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Hutch News

Stories tagged 'Transplant and Immunotherapy'

Good News at Fred Hutch

Celebrating faculty and staff achievements

Aug. 17, 2017

Dr. Filippo Milano and colleagues in the Cord Blood Program at Fred Hutch have received funding from the Robert J. Kleberg, Jr. and Helen C. Kleberg Foundation to support a clinical trial to improve the use of umbilical cord blood as a treatment for leukemia ... and more good news at Fred Hutch.

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New integrated research center launches

Dr. Denise Galloway heads new collaborative center to study prevention and treatment of cancers linked to infectious agents

Aug. 10, 2017 | By Sabrina Richards / Fred Hutch News Service

Dr. Denise Galloway heads new collaborative center to research prevention and treatment of infection-related cancers

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Good News at Fred Hutch

Celebrating faculty and staff achievements

Aug. 3, 2017

Fred Hutch's Dr. Slobodan Beronja and colleagues at Yale University have published new findings in Nature that show healthy skin cells can fight off the cancerous tendencies of nearby cells that harbor cancer-causing mutations.

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6 things to know about glioblastoma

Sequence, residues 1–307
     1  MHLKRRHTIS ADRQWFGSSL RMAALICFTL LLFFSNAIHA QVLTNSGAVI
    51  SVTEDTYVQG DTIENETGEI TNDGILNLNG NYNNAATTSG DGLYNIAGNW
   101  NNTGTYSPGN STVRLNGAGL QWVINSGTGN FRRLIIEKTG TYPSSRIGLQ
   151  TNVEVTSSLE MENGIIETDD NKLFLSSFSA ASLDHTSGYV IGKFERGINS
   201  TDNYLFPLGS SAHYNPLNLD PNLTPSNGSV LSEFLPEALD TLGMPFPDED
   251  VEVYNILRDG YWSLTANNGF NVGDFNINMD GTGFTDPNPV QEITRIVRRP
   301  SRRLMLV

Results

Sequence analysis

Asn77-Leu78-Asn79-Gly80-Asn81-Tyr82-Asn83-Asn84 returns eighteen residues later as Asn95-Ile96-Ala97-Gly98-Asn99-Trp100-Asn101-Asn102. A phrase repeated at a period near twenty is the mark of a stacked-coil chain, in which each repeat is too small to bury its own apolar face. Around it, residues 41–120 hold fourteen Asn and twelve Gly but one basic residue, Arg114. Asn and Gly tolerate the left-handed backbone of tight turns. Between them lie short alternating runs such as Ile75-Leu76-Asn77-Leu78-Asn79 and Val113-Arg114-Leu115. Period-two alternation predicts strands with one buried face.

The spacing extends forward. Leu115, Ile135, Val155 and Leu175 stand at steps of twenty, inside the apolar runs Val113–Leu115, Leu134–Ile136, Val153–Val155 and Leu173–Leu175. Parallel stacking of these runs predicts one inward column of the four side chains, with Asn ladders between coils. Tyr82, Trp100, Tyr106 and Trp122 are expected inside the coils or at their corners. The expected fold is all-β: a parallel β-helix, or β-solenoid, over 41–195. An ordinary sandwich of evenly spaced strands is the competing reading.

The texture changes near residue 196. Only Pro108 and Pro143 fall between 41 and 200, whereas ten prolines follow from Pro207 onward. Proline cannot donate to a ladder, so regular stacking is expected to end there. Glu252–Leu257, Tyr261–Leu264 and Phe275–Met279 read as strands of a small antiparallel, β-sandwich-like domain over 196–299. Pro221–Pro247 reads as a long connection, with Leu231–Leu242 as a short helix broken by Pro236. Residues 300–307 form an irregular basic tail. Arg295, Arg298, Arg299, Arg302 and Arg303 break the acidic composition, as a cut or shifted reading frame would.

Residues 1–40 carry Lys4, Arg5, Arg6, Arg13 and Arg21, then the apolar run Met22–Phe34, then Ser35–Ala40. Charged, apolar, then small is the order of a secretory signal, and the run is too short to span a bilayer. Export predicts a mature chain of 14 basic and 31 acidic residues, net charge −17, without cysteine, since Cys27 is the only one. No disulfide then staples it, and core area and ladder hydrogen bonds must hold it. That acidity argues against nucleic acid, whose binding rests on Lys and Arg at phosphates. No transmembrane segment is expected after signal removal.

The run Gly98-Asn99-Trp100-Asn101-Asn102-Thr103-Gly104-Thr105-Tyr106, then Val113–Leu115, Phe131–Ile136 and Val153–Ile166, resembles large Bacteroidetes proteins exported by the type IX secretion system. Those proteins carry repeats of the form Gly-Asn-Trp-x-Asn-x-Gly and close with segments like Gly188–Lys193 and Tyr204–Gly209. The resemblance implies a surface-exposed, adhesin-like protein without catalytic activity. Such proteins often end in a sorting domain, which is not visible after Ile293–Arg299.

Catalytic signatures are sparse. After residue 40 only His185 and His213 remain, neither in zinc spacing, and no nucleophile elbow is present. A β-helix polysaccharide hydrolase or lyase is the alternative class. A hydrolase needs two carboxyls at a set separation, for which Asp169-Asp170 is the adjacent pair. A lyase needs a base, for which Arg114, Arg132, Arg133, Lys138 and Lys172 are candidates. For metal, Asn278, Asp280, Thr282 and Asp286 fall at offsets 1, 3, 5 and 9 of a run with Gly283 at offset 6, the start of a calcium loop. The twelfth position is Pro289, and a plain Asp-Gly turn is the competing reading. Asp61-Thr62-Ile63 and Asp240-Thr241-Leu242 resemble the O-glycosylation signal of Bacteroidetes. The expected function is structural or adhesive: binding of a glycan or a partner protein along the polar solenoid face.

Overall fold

Following Sen. John McCain’s diagnosis, Fred Hutch experts offer ‘the long view’ on brain cancer research

July 21, 2017 | By Mary Engel / Fred Hutch News Service

Our experts at Fred Hutchinson Cancer Research Center offer the long view on glioblastoma diagnosis, treatment and research in light of Sen. John McCain's recent diagnosis.

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How cancer fools healthy neighboring cells

‘Tumor microenvironment’ research underscores why we need cancer immunotherapy — and how to make it work for more patients

July 18, 2017 | By Rachel Tompa / Fred Hutch News Service

Like tiny con men, cancer cells have many tricks to fool healthy cells into helping them. Research into the "tumor microenvironment" is uncovering new avenues for treatment.

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Promising results in trial of engineered T cells in high-risk leukemia

High response rates to experimental immunotherapy in patients with treatment-resistant chronic lymphocytic leukemia

July 17, 2017 | By Susan Keown / Fred Hutch News Service

Most patients with recurrent chronic lymphocytic leukemia who were enrolled in a small, early- phase trial saw their advanced tumors shrink or even disappear after an infusion of genetically engineered immune cells. Dr. Cameron Turtle, one of the study’s leaders, presented the results on Saturday at the 2016 annual meeting of the American Society of Hematology in San Diego.

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